In one cold-sensitive afferent, we observed that the high ambient temperature and low humidity in the experimental room produced the discharge profiles shown in Figure 6. Low spontaneous activity, seen immediately after the ATs were dropped on the cornea (arrow), gradually increased over a 5- to 15-minute period until the cornea was again wet with ATs (star). The dramatic increase in discharge over this period appears to be the result of evaporation of the ATs from the ocular surface, which would have increased the osmolarity of the tears. If this were the case, the cold-sensitive afferents would also be excited by hyperosmolar solutions applied to the ocular surface. Figure 7 demonstrates that hyperosmolar solutions of both NaCl and sucrose caused significant increases in neuronal activity in a concentration-dependent manner (one-way ANOVA; P < 0.01). The average stimulus-response (S-R) relationship of Figure 7b could be best fit by a logarithmic function, regardless of whether the two highest osmolarity values were included [dotted curve, y = 151ln × −832; R 2 = 0.957]. The S-R function for osmolarities up to 611 mOsm may be also described by a linear function (not shown; y = 0.45 × −117; R 2 = 0.9692). Furthermore, two additional neurons were tested with osmotic solutions using a nonpermeant substance, mannitol; again, the increases in osmolarity were associated with increases in afferent activity. 
Figure 6.
 
PSTH of a cold-sensitive neuron showing changes in spontaneous activity presumably caused by the evaporation of ATs. After the second wetting of the cornea (arrow), the ATs were not replenished until fresh ATs were reapplied (star) approximately 18 minutes later, at which time activity returned to its lower level.
Figure 6.
 
PSTH of a cold-sensitive neuron showing changes in spontaneous activity presumably caused by the evaporation of ATs. After the second wetting of the cornea (arrow), the ATs were not replenished until fresh ATs were reapplied (star) approximately 18 minutes later, at which time activity returned to its lower level.
Figure 7.
 
Sensitivity of cold-sensitive afferents to the hyperosmolar solutions. (a) Action potential discharges from a single neuron in response to vehicle and two different hyperosmolar solutions applied to the cornea (arrows above action potential traces). Numbers in parentheses are osmolarities of the solutions used to activate the neuron. (b) Average concentration-response functions of neurons to ocular application of NaCl and sucrose solutions. Normal saline (0.9%) was a vehicle solution for all concentrations of both NaCl and sucrose. NaCl (n = 16); sucrose (n = 9). Rmags to all hyperosmolar solutions were significantly different compared with vehicle (P < 0.01; one-way ANOVA).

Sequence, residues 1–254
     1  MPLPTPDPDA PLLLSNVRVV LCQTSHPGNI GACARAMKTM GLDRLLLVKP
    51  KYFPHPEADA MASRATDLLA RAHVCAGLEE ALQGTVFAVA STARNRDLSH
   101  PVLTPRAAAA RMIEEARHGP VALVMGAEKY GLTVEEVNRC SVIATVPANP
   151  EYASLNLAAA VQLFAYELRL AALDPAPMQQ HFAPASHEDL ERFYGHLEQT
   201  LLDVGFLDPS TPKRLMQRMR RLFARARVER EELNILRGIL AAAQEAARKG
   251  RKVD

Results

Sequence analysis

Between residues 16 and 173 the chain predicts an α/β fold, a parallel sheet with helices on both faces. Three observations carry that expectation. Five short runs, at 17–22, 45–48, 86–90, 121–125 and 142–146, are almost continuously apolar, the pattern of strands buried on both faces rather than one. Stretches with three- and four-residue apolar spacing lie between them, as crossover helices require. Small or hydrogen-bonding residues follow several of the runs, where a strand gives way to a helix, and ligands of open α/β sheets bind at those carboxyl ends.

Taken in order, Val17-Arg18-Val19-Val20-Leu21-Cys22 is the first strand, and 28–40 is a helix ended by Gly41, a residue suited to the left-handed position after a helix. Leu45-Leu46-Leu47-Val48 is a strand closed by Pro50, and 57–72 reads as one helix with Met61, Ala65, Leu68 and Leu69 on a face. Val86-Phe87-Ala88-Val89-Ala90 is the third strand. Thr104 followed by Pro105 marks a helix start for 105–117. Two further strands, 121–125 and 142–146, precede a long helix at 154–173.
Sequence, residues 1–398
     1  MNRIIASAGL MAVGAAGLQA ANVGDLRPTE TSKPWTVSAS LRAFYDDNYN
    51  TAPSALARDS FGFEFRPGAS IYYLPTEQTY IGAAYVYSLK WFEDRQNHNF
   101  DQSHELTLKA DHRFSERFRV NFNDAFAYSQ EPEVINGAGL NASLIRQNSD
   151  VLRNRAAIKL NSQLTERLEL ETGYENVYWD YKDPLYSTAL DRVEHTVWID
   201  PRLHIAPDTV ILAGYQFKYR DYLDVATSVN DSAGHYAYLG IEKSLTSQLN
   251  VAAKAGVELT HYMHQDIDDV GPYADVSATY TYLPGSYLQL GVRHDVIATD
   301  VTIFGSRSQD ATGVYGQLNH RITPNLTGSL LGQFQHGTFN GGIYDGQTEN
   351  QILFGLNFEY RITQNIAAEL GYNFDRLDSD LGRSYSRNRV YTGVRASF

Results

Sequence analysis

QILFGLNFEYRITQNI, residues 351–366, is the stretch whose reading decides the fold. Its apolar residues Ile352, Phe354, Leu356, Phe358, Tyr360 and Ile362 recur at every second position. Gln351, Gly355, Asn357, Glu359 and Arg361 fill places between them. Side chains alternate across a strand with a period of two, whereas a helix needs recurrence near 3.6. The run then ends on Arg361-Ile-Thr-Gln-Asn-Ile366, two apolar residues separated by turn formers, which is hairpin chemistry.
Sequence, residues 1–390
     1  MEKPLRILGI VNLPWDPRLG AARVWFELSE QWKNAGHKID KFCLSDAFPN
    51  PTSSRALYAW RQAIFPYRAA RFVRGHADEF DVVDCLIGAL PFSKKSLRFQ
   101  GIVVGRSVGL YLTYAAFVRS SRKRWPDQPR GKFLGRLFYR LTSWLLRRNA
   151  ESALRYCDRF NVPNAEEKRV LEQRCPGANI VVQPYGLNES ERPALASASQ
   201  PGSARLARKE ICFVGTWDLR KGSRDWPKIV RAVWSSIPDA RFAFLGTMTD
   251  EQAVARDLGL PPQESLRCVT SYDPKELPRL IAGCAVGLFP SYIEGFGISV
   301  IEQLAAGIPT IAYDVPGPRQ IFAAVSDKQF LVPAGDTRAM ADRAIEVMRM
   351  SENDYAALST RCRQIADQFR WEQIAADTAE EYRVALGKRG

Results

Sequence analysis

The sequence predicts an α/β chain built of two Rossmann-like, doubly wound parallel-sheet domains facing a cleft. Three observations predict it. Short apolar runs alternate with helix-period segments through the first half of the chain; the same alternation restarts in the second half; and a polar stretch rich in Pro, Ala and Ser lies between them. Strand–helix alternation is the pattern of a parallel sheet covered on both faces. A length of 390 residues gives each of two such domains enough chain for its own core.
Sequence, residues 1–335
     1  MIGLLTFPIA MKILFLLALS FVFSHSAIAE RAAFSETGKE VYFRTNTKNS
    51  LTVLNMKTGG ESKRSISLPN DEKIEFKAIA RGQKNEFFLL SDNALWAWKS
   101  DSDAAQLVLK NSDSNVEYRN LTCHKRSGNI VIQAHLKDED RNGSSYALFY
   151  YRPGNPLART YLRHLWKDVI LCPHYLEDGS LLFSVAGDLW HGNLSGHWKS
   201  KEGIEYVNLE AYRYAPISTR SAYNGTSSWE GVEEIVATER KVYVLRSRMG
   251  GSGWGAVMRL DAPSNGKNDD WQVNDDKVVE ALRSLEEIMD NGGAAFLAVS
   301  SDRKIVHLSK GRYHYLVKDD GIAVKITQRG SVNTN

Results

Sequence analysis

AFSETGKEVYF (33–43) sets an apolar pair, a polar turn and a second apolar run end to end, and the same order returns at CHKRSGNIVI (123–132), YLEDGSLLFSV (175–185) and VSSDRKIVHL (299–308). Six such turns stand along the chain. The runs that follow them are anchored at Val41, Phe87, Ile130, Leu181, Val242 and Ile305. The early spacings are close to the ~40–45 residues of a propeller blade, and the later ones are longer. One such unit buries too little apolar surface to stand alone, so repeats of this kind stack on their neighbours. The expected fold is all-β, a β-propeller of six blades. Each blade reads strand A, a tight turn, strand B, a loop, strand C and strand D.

Figure 7.
 
Sensitivity of cold-sensitive afferents to the hyperosmolar solutions. (a) Action potential discharges from a single neuron in response to vehicle and two different hyperosmolar solutions applied to the cornea (arrows above action potential traces). Numbers in parentheses are osmolarities of the solutions used to activate the neuron. (b) Average concentration-response functions of neurons to ocular application of NaCl and sucrose solutions. Normal saline (0.9%) was a vehicle solution for all concentrations of both NaCl and sucrose. NaCl (n = 16); sucrose (n = 9). Rmags to all hyperosmolar solutions were significantly different compared with vehicle (P < 0.01; one-way ANOVA).
Discussion
This is the first study to comprehensively characterize the response properties of the specific type of corneal afferents to ocular stimuli that regulate tearing. Two principal types of tears have generally been recognized: basic tears and reflex tears. Basic tears are considered to arise from subtle stimulation of the anterior eye such as cooling and drying caused by evaporation. 20 Reflex tearing, on the other hand, is thought to be produced by stronger, noxious stimulation of the ocular 13 and extraocular tissues such as the nasal mucosa. 21 Strong cooling stimuli (−4.5°C), but not subtle cooling stimuli (−1°C), applied to the cornea significantly increased reflex tear secretion above and beyond basic tears, 12 indicating that high-intensity temperature stimulation of the ocular surface produces reflex tears and, conversely, that low-intensity stimuli are important to basic tears. Furthermore, instillation of hyperosmolar solutions to the eyes (∼450 mOsm and higher) was reported to evoke ocular discomfort and pain in humans, 22 which should provide a strong and necessary stimulus for tear production. These observations are consistent with the conclusion that the corneal afferents reported here play a key role in activating the afferent limb of the lacrimation reflex important in basic tear production. In addition, the negative feedback model of a nervous system reflex predicts that the opposite stimulations (i.e., warming and wetting of the cornea and the isosmolar tears) should lessen or even silence the activation of these neurons. Our results are consistent with this prediction. However, the possibility that they may also play a role in the eye blink reflex cannot be excluded because some stimuli that activate these afferents, such as a decrease in ocular temperature, also evoke blinking. 23,24 Furthermore, the involvement of other ocular afferents innervating the cornea and conjunctiva, such as polymodal nociceptors 6,25 in the tearing reflex, remains to be elucidated.